The internet of things is set to transform the way in which people communicate and exchange data with one another.
For the time being, however, many IoT applications are struggling to deliver on their promises, due to the energy limitations of existing devices. In fact, most devices are currently powered by batteries, which have an inherently limited lifetime and deteriorate over time.
Being aware of the problems associated with battery-powered sensors, NOWI—a European start-up based in the Netherlands—has developed an energy harvesting chip that can boost voltage with approximately 92% energy efficiency, regardless of the source input.
Their chip, which is 30 times smaller than other energy harvesting chips, allows devices to use external energy sources as an additional means of power, via solar, thermo-electric, and radiofrequency energy harvesting.
NOWI chip mock-up (positioned next to a ruler for scale). Image courtesy of NOWI.
The technology developed by NOWI enables the creation of new devices that are either entirely battery-less, or otherwise have a hybrid battery with a far longer lifetime than usual. Simon van der Jagt, one of the company’s founders and its present CEO, believes that NOWI’s power management integrated circuit (PMIC) and other energy harvesting technologies could be the key to ensuring that the IoT reaches its full potential.
Ingrid Fadelli: Before we begin, could you tell us a little bit about your background, your area of expertise, and your role at NOWI energy?
Simon van der Jagt: I am NOWI’s CEO and founder, together with Omar Link. My background is in innovation management and NOWI was founded based on a project at Delft University of Technology (TU Delft).
IF: When was NOWI energy founded and what is its key mission?
SJ: NOWI was born out of our belief that technology is a predominantly positive force in the world and that the internet of things is one of the greatest technological developments of our age. At the same time, we saw some big practical bottlenecks that could very well stop society from reaping the benefits that IoT developments could offer. Without solving these problems, IoT technology will not deliver on its promise. Arguably, its most crucial limitation is power—and NOWI has set out to solve this problem.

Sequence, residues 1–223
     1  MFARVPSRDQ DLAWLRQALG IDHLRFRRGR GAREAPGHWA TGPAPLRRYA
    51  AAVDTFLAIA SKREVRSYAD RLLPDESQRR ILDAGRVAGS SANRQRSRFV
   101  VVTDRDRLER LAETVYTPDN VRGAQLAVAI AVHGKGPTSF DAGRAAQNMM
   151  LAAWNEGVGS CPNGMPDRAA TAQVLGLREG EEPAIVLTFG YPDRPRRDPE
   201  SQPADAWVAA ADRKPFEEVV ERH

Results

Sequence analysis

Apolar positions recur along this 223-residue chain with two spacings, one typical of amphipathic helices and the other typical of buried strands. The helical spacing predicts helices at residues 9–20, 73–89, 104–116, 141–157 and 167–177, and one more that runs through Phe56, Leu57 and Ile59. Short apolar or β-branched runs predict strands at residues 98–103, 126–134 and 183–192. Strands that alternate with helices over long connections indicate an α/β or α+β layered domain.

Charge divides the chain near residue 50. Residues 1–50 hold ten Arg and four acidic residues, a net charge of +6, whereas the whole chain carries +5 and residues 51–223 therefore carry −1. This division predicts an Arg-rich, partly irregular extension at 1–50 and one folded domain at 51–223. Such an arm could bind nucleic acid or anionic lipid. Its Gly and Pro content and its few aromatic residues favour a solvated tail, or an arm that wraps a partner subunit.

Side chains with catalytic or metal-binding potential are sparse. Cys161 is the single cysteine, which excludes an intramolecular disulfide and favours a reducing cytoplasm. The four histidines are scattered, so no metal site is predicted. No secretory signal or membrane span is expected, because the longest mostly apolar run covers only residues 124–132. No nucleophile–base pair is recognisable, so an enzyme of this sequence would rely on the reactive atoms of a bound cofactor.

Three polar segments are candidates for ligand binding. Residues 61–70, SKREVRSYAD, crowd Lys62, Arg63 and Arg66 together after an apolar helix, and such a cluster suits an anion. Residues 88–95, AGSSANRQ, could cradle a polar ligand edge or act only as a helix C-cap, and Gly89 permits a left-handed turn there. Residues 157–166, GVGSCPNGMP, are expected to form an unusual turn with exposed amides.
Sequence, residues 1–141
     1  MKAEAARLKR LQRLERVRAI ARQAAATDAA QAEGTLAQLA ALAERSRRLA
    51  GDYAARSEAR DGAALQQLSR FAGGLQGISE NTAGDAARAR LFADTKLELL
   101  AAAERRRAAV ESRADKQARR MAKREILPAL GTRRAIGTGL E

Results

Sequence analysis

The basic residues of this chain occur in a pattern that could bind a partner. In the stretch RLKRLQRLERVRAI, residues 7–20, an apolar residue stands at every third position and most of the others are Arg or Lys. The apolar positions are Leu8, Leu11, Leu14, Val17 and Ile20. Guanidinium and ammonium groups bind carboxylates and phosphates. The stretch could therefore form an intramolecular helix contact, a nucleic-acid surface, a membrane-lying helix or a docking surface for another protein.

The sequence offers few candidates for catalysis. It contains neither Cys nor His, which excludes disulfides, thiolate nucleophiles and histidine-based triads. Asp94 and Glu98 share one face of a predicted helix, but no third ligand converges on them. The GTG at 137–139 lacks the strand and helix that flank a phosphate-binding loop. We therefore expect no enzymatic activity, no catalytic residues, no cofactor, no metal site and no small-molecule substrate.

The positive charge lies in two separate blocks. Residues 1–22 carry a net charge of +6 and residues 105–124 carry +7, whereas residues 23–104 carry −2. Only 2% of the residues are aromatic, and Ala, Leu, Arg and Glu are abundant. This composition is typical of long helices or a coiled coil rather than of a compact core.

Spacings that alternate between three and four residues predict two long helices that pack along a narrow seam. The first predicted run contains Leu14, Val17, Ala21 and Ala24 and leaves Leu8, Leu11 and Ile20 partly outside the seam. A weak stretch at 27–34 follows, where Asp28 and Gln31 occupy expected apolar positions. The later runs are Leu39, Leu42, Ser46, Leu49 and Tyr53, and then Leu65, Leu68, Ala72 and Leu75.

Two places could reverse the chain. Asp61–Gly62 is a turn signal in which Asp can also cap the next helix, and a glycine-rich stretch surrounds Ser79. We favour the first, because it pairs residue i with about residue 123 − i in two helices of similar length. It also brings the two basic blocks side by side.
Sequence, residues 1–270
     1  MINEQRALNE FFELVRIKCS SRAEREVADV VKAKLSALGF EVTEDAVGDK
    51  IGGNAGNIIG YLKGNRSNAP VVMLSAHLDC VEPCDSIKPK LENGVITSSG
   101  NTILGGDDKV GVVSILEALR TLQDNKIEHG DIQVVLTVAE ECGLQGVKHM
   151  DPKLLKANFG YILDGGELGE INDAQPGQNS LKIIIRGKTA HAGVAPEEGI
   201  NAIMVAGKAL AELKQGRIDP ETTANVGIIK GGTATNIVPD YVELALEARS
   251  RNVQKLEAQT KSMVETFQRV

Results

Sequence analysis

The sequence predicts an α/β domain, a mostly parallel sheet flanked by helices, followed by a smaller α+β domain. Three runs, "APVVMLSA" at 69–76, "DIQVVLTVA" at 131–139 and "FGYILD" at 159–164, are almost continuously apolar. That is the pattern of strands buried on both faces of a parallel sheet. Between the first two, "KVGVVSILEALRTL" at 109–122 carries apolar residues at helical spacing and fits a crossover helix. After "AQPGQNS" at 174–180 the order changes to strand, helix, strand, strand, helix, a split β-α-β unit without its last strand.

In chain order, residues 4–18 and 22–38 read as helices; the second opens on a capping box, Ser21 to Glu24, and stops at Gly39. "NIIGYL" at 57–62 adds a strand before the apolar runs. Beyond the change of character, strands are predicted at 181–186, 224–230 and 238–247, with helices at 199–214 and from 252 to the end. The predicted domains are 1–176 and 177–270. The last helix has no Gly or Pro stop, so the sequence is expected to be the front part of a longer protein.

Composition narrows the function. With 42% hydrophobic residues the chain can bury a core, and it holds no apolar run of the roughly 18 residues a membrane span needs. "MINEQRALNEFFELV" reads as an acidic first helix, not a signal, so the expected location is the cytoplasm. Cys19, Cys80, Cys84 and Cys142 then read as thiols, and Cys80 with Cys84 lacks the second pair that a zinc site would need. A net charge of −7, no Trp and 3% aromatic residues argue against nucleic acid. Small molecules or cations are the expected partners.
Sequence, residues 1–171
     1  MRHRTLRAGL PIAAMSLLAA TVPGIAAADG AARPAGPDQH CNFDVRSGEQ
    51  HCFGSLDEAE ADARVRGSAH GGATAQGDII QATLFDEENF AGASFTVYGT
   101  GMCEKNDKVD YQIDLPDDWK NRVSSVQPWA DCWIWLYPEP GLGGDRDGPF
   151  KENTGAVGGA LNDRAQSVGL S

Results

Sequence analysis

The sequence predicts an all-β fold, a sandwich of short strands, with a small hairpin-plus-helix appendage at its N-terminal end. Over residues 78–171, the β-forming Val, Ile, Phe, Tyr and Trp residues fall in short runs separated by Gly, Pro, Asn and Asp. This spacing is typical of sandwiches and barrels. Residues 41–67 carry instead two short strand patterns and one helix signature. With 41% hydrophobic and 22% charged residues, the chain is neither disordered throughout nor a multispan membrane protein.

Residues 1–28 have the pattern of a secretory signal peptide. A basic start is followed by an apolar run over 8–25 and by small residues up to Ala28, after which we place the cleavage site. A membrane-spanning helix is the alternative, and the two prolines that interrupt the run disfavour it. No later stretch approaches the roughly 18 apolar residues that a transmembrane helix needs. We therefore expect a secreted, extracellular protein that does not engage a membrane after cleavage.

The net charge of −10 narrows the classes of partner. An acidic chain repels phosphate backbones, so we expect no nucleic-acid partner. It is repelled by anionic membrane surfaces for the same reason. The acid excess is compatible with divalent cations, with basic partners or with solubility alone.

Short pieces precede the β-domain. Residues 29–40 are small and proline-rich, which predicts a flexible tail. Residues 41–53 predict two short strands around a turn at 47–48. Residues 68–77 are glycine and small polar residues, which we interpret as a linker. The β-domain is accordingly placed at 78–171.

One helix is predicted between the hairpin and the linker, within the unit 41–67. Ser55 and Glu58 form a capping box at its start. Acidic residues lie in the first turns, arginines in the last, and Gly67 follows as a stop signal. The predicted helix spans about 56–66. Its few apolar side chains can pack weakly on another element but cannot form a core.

IF: What do you feel are the greatest challenges, responsibilities, and exciting aspects of being a European startup that caters to the electronics engineering industry?
SJ: I think there might be a few aspects to consider here. Firstly, as Europe is a collection of countries, this can make certain IoT applications extra challenging to implement. For instance, applications might need adjustments per country in order to operate effectively, or there might be different regulations. On a higher level, however, the main problems shared by European countries are the same all over the world.
Everyone requires their devices to outlast the applications they are being used for—and thus eliminate the need for device maintenance—which makes limited battery life a big problem. This is the same in the Netherlands, the USA, and China. By working with international partners, who have their experience in different countries, we are able to circumvent these issues.
IF: How did you first become interested in energy harvesting technology, and how did you start developing it at NOWI (e.g. what chips/approaches/designs did you use)?
SJ: Personally, I started working on energy harvesting technology in 2015, during a project at TU Delft. Our core technology team, however, has been conducting research on this topic for much longer than that. What surprised us was that a big portion of the people working on IoT technology never talked about device lifetime. The ones who did mention it, on the other hand, made big claims, such as a 10 to 15-year device battery lifetime, which a simple 'back-of-the-envelope' calculation would show is generally not feasible.
At the same time, we learned about new and fascinating academic research on energy harvesting, which still lacked a clear application. We connected the dots and started applying this research to the development of low-power, IoT technology. The first prototypes were simple 'proof-of-principle' designs. They were big, expensive and worked very poorly, but they did get the point across: we can, in fact, use ambient energy sources to make IoT devices 'plug & forget'.
IF: Why do you think this technology is so important in today’s world and for the future?
SJ: We believe that technological progress benefits humankind and that the IoT is one of the biggest technological developments of this decade. The IoT seems to revolve around making things 'smarter'—smart cities, smart roads, smartwatches, smart factories, and so on. And in order for something to be 'smart', it needs to be able to 'feel'.